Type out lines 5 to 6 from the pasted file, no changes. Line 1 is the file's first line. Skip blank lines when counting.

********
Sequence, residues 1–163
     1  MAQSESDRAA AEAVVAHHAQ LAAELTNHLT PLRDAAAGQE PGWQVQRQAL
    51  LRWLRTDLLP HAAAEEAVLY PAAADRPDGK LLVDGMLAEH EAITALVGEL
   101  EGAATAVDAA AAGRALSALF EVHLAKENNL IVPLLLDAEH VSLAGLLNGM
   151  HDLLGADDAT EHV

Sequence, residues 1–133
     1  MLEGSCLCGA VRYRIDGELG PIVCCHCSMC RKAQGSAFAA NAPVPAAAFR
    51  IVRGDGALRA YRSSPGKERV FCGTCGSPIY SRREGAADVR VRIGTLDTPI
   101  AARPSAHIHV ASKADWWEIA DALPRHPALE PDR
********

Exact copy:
   151  HDLLGADDAT EHV

Sequence, residues 1–133